4. Discussion

The compounds emitted by the sour cherry fruit so far have been studied very fragmentedly, therefore the chemical composition has been poorly investigated. The largest number of volatile compounds, i.e., 12, were identified by Levaj et al. [13]. They include alcohols, terpenes, and aldehydes (three compounds in each group); other VOCs found belong to esters (2) and ketones (1). Of these 12 compounds, five were detected in the present study as well. These were: hexan-1-ol, benzaldehyde, hexanal, (E)-2-hexenal, and linalool. According to Levaj et al. [13], sour cherry fruit emissions contain the highest amount both of benzaldehyde and linalool, which is different from the results we have obtained: benzaldehyde was among the minor components, while linalool was below the top 10 VOCs in terms of abundance (Table 1). Low similarity with our results could be due to several reasons: different varieties of sour cherry analyzed (it is well-known that VOC composition varies depending on the cherry variety, e.g., [13,14], different techniques used for the collection of VOCs, and the remarkably different temperature regimes used for the collection of compounds. We sampled VOCs at room temperature (approximately corresponding to that in nature), while [13] collected VOCs from homogenised samples of fruit and jam heated up to 50 °C for half an hour. Under such conditions, many volatile compounds have been lost and the relative quantities of the identified ones do not reflect their proportion present under natural conditions. So, as far as we know, the 39 compounds emitted by intact sour cherry fruit were reported for the first time in the present paper.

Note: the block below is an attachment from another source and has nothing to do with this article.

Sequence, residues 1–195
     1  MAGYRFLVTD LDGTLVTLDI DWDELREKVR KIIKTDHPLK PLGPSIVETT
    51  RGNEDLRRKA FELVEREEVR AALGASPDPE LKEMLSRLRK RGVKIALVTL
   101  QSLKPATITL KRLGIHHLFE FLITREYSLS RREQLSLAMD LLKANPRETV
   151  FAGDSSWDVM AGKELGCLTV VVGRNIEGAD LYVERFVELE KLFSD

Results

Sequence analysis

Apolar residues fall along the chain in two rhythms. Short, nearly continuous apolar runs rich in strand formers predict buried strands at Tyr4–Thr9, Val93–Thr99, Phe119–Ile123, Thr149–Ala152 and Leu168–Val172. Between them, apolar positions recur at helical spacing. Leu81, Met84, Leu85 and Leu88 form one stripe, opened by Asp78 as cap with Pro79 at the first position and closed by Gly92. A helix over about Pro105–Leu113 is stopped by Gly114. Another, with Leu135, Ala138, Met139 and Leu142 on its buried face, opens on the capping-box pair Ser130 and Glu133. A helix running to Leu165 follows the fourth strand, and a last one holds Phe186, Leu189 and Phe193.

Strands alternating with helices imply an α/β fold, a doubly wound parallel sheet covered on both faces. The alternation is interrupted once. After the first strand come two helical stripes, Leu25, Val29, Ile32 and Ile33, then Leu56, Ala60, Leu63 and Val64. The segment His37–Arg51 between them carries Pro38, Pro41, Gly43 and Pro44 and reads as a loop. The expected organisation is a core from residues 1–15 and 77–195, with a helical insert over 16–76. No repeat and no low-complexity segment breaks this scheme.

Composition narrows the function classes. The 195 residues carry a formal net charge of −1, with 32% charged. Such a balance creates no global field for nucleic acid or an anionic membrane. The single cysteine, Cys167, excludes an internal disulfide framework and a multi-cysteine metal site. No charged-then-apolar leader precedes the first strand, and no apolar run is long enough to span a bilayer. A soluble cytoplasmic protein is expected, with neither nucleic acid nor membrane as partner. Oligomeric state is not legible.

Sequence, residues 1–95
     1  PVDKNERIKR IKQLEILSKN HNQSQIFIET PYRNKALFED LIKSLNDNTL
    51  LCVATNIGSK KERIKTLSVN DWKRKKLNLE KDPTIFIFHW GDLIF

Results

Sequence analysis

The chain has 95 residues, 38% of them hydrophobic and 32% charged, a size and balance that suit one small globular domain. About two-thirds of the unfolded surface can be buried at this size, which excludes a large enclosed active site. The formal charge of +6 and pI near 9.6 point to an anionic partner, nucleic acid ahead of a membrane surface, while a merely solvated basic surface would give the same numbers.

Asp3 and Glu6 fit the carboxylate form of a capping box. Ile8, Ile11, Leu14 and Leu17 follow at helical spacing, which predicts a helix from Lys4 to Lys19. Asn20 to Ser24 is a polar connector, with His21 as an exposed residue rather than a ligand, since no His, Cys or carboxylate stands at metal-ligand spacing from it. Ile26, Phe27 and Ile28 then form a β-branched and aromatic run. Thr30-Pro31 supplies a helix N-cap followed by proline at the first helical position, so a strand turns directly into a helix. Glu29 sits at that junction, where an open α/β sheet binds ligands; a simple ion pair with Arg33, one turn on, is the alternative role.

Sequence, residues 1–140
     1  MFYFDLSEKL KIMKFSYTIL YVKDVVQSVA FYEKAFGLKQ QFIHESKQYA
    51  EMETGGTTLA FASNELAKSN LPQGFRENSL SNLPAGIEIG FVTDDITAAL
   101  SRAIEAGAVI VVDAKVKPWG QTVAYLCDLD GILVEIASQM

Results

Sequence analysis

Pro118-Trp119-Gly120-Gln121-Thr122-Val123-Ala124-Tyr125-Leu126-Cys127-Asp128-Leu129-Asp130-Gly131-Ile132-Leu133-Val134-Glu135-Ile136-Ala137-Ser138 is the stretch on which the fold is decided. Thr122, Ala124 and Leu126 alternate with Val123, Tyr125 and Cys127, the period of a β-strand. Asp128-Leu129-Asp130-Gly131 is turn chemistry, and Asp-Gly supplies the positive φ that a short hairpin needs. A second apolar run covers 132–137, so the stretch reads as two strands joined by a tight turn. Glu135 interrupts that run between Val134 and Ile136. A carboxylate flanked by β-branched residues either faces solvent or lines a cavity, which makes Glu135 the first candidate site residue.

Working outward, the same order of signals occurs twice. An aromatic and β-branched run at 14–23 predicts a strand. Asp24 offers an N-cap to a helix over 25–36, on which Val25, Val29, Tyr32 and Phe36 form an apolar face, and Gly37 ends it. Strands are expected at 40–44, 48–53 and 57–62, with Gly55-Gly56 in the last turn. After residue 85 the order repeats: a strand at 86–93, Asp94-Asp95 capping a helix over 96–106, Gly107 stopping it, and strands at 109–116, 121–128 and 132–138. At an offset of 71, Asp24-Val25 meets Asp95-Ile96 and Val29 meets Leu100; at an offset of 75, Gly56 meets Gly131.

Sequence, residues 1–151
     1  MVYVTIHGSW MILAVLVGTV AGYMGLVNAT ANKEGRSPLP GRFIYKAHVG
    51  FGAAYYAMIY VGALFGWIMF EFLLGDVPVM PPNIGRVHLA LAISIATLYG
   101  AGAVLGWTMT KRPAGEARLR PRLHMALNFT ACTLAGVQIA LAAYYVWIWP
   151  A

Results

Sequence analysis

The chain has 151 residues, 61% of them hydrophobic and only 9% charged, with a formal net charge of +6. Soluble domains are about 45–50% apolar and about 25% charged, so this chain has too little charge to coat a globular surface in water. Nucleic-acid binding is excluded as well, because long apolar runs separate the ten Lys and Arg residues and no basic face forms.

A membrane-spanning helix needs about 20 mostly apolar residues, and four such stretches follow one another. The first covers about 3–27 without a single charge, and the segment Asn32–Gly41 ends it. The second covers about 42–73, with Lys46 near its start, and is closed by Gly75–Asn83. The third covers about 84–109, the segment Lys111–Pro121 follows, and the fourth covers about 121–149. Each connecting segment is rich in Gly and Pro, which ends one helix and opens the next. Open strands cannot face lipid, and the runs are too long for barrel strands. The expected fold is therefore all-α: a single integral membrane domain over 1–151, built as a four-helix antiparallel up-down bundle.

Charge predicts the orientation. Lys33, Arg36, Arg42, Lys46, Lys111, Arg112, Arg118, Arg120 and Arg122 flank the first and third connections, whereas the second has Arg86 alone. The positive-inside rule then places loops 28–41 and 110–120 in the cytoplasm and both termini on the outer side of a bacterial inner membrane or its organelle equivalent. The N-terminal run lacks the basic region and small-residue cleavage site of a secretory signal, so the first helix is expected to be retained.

It is interesting to compare the VOC composition of sour cherry, P. cerasus, fruit and that of closely related sweet cherry, P. avium. Sweet cherry fruit emissions have been studied in more detail, but in most cases, the fruit have been homogenised [15,16], frozen (e.g., [16,17]), stored before analysis mimicking commercial practice [18] or otherwise processed. Only one work provides data on P. avium VOCs from intact fruit [19], so for comparison with our results, we chose exactly this data.
In the present study, 51 VOCs were identified from fruit of sour cherry, P. cerasus, while Mattheis et al. [19] reported 28 volatiles released by fruit of sweet cherry, P. avium. Only 11 compounds were common: hexanal, octanal, nonanal, decanal, benzaldehyde, hexan-1-ol, 2-ethylhexan-1-ol, 3-methylbutyl acetate, ethyl hexanoate, hexyl acetate and ethyl octanoate. Predominant compound groups differed as well: esters and terpenes accounted for 62.2% of VOCs in P. cerasus, while alcohols and aldehydes composed approximately 88.2% in P. avium VOCs. The most abundant compounds were: ester, ethyl octanoate followed by homoterpene, (E)-4,8-dimethyl-1,3,7-nonatriene, in P. cerasus, while two alcohols, 2-propanol, and ethanol, in P. avium.
Such pronounced differences are likely to be not only due to objective interspecific characteristics of VOC emissions but in particular, due to different methods applied both during fruit preparation for analysis and volatile collection.
Data on the effects of sour cherry released chemicals regarding fruit fly R. cerasi adults so far have not been published. Even for the other species within the genus Rhagoletis, this data is very scarce, except for the only species, apple maggot fly, R. pomonella [20,21].